Good catch!

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And Howard seemed truly upset with himself when Kim yelled at him. I'm not sure he knows how deep that sibling rivalry runs.
I think he cares deeply what Kim thinks of him. If his life were his own he'd like to have friends like Kim and Jimmy.

Last edited by TruCelt; 08-21-2018 at 05:04 PM.
  #222  
Old 08-21-2018, 05:28 PM
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I will be SHOCKED if there was anything tricky or twisty going on with the letter. I think the obvious interpretation is that Jimmy read Chuck's words, and Kim was disturbed by Chuck's words, and/or Jimmy's (lack of) reaction to them. More speculatively, I think she was just floored at how totally casual Jimmy was about it. Here's his brother speaking from beyond the grave, and Jimmy ought to have SOME reaction.


I didn't get a feeling that Kim was alarmed about Nebraska, specifically... my initial guess was that she just thinks "these guys are SO crazily overambitious, they're going to flame out big time, what have I hitched my wagon to?", although it's certainly possible there's something more than that. (I can't remember what year this is supposed to be taking place in... any chance that Mesa Verde is going to get wiped out by the 2008 mortgage/financial meltdown?)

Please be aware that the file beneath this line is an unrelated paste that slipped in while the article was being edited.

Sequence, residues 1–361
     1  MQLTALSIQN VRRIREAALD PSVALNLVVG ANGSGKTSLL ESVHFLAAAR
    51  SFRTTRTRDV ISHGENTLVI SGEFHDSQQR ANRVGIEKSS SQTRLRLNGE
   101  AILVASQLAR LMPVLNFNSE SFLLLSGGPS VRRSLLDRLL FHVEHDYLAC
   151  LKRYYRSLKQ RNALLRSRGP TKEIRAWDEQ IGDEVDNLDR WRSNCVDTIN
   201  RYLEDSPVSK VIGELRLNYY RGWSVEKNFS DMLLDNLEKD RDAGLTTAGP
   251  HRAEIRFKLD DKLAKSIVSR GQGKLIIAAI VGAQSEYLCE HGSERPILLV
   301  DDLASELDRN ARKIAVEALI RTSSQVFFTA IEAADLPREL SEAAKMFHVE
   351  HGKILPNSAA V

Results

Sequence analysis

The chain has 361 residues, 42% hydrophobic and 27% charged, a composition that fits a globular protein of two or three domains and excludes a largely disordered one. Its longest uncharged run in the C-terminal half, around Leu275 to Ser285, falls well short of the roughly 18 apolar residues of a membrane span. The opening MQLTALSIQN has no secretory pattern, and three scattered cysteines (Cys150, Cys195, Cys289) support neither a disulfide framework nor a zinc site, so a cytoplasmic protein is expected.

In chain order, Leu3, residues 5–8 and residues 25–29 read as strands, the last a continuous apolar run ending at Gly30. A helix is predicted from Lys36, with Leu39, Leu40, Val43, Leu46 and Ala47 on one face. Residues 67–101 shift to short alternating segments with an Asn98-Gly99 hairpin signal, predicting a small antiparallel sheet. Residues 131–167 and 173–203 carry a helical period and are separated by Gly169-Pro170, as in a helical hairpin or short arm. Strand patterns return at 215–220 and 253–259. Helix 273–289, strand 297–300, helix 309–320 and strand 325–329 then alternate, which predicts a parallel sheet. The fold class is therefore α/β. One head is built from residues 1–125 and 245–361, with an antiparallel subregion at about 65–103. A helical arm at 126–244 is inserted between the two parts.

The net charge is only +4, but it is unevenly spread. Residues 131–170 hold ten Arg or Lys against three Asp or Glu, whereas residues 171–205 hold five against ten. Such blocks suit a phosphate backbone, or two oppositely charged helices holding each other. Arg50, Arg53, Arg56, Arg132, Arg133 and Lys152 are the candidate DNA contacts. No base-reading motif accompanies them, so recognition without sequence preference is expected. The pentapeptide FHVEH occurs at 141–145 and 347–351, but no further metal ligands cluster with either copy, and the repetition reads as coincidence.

I think everyone's treatment of Nacho makes perfect sense. Gus keeps him alive because that gives him a man on the inside (and if Gus is smart, which he is, he will realize that Nacho is smart and ambitious (and obviously was never loyal to the Salamancas given that he poisoned Hector), and will try to convert him to being an actual respected lieutenant, not just a blackmail target). The cousins kept him alive because of (a) family/gang loyalty, and (b) he was a potential witness to who was trying to go to war with them.


I'm not sure how Gus benefits from getting product from local suppliers. At the beginning of _Breaking Bad_, he's already bringing his product over the border in the big Pollos Hermanos barrels.... or am I misremembering?